Egyptian Faience Duck Scaraboid with Pharaoh Prenomen

£ 900.00

A finely rendered and well-preserved Egyptian duck-shaped scaraboid amulet, modelled in bright turquoise faience. The duck is presented with the head resting on its body, which appears carefully and naturalistically rendered. Incised lines emphasize the bird’s plumage and tail. The base has been engraved with perfectly readable hieroglyphs forming the prenomen of the pharaoh Thutmose III, transliterating as Men-Kheper-Re. Not all scarabs and amulets bearing a royal name are contemporaneous to the ruling pharaoh. Some kings were held in particularly high regard, and thus their name appears on scarabs hundreds of years after their reign. Thutmosis III of Dynasty XVIII was particularly honoured in this way, with his praenomen, Men-Kheper-Re, used on scarabs and amulets for a period of circa 1000 years.

Date: Circa 1550-1077 BC
Period: New Kingdom Period
Provenance: Ex provate London collection. 1980's-2021; previously in a mixed lot from Sotheby's, from a collection formed pre 1980.
Condition: Extremely fine, some loss of colour.

SOLD

Product Code: ES-107
Categories: , Tags: ,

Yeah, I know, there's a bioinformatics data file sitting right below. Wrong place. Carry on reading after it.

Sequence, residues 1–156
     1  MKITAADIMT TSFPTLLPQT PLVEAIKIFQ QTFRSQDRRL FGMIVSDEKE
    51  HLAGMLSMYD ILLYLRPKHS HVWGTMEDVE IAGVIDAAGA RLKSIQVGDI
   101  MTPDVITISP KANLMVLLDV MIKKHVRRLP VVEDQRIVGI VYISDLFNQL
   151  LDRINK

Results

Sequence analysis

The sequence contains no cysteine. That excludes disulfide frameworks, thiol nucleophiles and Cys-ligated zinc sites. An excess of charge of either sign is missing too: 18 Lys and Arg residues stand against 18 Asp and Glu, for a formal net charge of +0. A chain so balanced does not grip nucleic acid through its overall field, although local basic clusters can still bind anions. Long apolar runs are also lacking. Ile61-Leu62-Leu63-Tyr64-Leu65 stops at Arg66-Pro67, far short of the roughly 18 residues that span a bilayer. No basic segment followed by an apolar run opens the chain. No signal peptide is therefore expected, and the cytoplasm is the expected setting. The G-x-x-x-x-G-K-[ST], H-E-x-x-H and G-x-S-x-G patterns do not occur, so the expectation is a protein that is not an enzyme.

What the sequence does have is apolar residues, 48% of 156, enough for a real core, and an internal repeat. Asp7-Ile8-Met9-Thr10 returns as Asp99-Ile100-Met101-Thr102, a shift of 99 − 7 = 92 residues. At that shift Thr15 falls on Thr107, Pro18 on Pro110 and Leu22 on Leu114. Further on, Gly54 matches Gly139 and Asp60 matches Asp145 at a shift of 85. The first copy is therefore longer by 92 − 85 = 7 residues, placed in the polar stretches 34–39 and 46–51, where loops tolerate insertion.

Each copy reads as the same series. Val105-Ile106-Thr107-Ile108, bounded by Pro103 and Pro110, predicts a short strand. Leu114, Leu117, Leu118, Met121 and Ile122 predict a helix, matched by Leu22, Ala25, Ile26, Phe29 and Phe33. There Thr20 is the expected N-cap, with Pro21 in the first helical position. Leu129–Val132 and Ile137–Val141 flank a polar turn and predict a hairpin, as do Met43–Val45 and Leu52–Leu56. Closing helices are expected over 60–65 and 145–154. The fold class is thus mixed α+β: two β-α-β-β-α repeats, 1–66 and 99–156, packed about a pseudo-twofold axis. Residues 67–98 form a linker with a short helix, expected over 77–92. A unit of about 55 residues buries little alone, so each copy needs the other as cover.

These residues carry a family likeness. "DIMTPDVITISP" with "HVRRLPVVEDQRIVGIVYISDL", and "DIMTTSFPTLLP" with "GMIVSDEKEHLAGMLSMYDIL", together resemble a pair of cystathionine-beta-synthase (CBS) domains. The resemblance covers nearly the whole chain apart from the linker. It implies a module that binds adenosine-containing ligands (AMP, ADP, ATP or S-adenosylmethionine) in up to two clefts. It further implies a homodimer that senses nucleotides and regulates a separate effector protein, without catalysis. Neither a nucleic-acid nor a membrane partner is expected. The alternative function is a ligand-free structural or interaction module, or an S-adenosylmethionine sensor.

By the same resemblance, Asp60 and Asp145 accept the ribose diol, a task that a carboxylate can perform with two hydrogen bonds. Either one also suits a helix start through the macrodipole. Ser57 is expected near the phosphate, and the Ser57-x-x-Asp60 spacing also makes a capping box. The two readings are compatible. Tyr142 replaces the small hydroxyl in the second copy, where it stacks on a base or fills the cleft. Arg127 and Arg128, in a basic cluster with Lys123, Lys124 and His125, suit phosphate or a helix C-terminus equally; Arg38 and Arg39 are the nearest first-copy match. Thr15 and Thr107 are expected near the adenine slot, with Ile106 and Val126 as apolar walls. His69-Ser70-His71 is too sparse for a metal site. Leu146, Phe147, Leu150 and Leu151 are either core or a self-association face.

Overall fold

The Ancient Egyptians wore amulets alongside other pieces of jewellery. Amulets were decorative, but also served a practical purpose, being considered to bestow power and protection upon the wearer. Many amulets have been found inside the wrappings of mummies, as they were used to prepare the deceased for the afterlife.The iconography of the trussed duck appears in a number of forms, including amulets, cosmetic jars and perfume bottles. The hieroglyphic symbol appears as a determinative and can be translated as ‘offer’. As most of the material evidence suggests trussed duck pieces were buried with the deceased, it stands that such pieces were used as offerings, tying in with the transliteration of the symbol.

To discover more about amulets in the Ancient Egyptian world, please visit our relevant post: Amulets in Ancient Egypt.

Dimensions L 1.3 cm
Faience

Turquoise Faience

Region

North Africa

Reference: For a similar item, The Metropolitan Museum, item 17.190.2011.

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